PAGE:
Turkish police detain ‘ISIS sympathizers’ after student protest

Police stormed a university campus after students armed with sticks and stones attacked an anti-ISIS protest

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Turkish police on Wednesday detained three students at Istanbul University suspected of being sympathizers of the Islamic State of Iraq and Syria (ISIS) group following clashes at an anti-jihadist campus protest, reports said.

Police stormed the university’s faculty of humanities and science in Istanbul’s Beyazit district after Islamist students armed with sticks and stones attacked another group protesting against ISIS.

Three students were detained after being identified by police as ISIS supporters because they were wearing black masks and hats during the fight earlier Wednesday, Hurriyet newspaper reported on its website.

“We are Muslim students. Long live Muslim students. We Muslims are one body,” they reportedly chanted during the protest.

Dozens of riot police officers as well as armored vehicles and water cannon trucks were deployed around the university after the early morning raid.

Istanbul University has in the last few days been the scene of clashes between leftist students denouncing the brutality of the ISIS militants and the group’s sympathizers.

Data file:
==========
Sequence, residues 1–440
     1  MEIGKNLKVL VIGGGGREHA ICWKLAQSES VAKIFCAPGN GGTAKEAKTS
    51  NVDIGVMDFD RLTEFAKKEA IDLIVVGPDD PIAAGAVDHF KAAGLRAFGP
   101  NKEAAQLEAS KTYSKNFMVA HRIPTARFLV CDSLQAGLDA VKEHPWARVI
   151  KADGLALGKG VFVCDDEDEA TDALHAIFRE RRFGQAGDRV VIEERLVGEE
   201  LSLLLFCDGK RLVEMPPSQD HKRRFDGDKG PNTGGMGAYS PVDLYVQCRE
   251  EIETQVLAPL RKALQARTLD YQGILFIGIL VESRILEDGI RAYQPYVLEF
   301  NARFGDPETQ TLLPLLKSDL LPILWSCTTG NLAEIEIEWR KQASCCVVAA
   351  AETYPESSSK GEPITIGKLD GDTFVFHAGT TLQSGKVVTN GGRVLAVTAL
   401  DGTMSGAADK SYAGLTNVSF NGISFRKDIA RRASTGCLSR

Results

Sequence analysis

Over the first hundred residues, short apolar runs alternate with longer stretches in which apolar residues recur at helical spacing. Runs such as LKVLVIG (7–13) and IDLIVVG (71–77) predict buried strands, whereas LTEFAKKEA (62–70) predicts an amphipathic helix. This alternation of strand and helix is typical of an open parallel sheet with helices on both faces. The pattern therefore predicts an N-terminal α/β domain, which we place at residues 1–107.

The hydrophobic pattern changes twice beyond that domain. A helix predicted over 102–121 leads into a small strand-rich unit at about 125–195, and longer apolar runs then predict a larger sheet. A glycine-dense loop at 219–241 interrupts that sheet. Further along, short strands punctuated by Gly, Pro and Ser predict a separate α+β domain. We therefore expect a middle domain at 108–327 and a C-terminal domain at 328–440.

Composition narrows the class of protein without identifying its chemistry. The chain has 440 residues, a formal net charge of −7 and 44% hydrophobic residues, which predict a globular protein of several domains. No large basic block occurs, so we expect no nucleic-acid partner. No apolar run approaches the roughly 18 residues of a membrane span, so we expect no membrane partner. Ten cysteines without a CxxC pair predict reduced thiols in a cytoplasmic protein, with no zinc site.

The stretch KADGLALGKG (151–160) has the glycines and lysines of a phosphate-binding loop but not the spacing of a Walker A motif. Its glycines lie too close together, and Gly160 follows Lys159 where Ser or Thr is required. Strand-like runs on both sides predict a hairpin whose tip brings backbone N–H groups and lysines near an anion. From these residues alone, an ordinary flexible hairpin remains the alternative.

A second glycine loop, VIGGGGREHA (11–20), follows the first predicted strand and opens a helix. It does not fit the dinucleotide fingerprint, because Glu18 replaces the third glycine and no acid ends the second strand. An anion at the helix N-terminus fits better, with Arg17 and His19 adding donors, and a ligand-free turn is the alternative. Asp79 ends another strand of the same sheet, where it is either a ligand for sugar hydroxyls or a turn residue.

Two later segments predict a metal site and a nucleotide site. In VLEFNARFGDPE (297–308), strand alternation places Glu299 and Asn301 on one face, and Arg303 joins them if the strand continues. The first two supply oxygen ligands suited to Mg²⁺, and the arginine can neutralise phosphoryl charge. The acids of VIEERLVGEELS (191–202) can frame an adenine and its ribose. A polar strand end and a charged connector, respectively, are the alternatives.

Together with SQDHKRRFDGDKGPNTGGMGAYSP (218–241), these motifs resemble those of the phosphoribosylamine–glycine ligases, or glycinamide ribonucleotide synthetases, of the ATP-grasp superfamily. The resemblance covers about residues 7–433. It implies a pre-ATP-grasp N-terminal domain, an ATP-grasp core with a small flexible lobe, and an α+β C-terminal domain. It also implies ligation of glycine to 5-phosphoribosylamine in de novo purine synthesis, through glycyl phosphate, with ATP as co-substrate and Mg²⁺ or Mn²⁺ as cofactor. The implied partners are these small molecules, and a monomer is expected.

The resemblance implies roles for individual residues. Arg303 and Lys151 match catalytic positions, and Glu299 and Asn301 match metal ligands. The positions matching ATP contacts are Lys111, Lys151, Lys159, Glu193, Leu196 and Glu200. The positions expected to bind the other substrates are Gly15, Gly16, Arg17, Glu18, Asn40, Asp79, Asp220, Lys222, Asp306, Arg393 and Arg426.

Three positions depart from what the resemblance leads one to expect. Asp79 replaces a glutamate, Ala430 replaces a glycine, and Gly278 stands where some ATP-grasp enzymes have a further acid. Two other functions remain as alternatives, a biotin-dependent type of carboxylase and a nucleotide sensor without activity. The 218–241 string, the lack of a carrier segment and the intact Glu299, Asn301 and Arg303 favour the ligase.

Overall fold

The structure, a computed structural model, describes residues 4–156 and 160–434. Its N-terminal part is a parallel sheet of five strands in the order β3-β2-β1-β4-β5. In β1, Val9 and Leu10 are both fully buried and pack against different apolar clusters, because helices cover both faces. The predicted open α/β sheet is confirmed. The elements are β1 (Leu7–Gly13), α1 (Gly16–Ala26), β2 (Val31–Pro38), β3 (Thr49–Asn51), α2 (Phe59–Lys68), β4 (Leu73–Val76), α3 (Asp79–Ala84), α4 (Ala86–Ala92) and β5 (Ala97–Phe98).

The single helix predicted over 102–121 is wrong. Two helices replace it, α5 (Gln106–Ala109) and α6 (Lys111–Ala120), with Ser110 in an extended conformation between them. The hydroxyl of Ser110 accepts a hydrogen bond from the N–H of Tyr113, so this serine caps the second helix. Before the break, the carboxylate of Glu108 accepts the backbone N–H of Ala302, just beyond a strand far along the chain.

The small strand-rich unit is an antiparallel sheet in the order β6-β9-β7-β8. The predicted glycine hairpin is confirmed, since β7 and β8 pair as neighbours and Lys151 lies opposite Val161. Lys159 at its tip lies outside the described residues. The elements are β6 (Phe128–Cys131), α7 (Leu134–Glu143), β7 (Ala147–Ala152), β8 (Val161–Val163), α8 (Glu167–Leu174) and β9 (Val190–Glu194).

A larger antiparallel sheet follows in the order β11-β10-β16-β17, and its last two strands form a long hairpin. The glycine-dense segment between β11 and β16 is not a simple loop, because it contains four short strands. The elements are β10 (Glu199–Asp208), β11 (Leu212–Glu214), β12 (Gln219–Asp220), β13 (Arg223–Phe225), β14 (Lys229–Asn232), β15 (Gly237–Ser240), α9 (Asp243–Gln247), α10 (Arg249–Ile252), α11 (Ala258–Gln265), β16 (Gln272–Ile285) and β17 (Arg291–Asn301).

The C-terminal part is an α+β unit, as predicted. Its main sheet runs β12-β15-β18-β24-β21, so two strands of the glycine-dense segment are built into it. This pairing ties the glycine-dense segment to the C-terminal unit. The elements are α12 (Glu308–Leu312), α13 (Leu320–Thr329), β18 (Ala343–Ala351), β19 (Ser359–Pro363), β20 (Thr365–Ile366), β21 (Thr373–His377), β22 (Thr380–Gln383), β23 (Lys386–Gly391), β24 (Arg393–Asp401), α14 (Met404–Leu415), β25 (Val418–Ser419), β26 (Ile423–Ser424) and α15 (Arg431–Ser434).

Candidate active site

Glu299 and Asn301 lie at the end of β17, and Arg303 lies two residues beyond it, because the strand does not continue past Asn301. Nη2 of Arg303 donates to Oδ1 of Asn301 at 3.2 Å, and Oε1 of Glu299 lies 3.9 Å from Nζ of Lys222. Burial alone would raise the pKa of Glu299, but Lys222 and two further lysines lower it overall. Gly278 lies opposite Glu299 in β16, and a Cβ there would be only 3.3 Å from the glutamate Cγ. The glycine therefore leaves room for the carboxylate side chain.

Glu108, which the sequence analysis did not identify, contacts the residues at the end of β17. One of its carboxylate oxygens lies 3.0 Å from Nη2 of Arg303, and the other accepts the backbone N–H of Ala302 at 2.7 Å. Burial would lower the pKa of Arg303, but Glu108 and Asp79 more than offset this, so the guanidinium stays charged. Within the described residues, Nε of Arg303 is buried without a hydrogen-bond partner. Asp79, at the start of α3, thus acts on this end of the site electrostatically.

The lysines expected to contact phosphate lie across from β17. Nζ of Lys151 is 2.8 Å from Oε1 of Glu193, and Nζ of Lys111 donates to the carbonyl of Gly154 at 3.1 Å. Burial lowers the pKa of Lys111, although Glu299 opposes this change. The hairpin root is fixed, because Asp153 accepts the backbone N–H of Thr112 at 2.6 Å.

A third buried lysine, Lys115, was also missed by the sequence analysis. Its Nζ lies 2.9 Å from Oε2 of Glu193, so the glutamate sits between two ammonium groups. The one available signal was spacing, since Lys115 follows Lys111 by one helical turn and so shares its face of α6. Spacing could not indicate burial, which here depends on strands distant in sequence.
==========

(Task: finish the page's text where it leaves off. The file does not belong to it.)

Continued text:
On Friday, an anti-ISIS protest turned violent when masked assailants attacked a group of students with sticks studded with nails. One student was injured in the head when a glass bottle was thrown at him.

The assailants also tore down a banner that read “ISIL (ISIS), get out of the Middle East,” using an alternative name for the group.

ISIS militants, who has seized large parts of Iraq and Syria and declared a Muslim “caliphate,” have advanced dangerously close to the Turkish border in the last days.

Several protests have been held across Turkey against ISIS, with police on occasion firing tear gas to disperse protesters.

Turkey has in the past been accused by its Western critics of encouraging the rise of ISIS and even hosting a headquarters of the group in Istanbul, accusations that officials vehemently deny.

The West has also called on Turkey to do more to halt the flow of foreign militants, hundreds of whom have used the country as a jump-off point for travelling to Syria.

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